3i, Barclays Take Off with Go Fly –

3i and Barclays Private Equity have backed the management buyout of British Airways budget subsidiary, Go Fly, in a GBP110 million deal. Tom Sweet-Escott, 3i director, said, “This investment reinforces our commitment to the larger buyout market.”

In November 2000 Goldman Sachs was appointed to advise on the sale of Go after BA announced the airline no longer fit its strategy. BA’s restructuring, aimed at restoring previous profit levels, included the sale of French subsidiary Air Liberte in May last year.

For the Go deal, BA provided GBP20 million loan notes and will also get GBP10 million in preferential shares if 3i exits within an agreed, but undisclosed, timeframe.

Bidders for Go are reported to have included Electra and the Carlyle Group.

Alex Williams, investment manager at 3i, highlighted his firm’s experience in the sector as key to winning the deal. He said, “3i is very interested in doing further deals within the transport and logistics sector, throughout Europe, in the future.”

Nineteen of the company’s senior managers have invested in the deal and all of Go’s employees will be offered share options. In total 22.5% of Go will be held by the company’s employees. CEO Barbara Cassani claims a 4% equity stake – she will continue in the position of chief executive at Go and lead the company’s aggressive growth strategy. This expansion includes increasing the number of flights on busy routes, introducing new routes and opening further operating mini-bases in Europe. Go will be looking for a stock market floatation within the next couple of years.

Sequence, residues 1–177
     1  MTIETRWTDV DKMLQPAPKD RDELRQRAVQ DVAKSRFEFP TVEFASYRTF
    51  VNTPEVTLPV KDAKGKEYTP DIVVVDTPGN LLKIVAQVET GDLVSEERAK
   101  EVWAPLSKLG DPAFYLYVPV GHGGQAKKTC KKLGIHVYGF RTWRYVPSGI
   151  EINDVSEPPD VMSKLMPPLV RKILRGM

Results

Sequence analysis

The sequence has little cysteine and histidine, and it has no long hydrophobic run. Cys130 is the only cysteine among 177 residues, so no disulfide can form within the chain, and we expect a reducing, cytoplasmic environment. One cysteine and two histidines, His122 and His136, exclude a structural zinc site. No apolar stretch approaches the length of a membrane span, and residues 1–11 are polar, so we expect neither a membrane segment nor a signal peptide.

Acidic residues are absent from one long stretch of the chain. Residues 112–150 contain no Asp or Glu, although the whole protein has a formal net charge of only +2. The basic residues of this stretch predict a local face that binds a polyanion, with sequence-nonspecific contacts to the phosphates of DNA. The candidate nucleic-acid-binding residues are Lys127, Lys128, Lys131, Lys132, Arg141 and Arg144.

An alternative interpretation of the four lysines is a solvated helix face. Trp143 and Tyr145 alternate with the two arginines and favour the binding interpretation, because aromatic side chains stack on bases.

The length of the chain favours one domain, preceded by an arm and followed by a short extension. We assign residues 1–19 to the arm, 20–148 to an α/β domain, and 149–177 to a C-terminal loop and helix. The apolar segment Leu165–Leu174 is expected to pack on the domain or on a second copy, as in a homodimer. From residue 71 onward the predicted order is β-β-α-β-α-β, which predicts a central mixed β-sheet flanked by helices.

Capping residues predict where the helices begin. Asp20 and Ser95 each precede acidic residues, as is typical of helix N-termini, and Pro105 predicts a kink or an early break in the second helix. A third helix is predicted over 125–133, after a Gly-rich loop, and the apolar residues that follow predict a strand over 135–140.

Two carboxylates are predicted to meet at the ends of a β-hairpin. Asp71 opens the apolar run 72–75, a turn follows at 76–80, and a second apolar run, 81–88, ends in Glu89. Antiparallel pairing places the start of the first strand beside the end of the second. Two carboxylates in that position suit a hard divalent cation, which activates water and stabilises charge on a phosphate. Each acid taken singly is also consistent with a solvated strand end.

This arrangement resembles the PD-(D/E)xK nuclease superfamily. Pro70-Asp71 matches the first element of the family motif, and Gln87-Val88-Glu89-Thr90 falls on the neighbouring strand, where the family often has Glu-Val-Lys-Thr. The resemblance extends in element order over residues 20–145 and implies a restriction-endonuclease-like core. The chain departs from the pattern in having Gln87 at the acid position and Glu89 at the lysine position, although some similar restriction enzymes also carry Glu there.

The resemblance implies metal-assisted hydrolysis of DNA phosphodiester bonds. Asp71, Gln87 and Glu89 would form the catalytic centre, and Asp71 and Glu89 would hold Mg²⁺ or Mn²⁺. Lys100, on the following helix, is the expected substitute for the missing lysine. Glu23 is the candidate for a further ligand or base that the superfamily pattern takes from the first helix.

Since the transaction was completed, British Airways has launched a new range of low price flights and Go has retaliated by offering seats at half the price of BA’s cheap flights.

Go announced annual profits of GBP4 million on a GBP159.7 million turnover for the year to March 31, 2001, despite previous heavy loses. The carrier’s passenger numbers have also risen to 2.76 million this year; a 46% increase on last year’s figure of 1.88 million. Cassani said: “These results show that we have built a really strong business that challenges the competition head on with low prices and great services. Our people deserve the credit for Go’s success and that is why I want them to become co-owners of the airline.”

The London Stanstead-based company started flying in May 1998.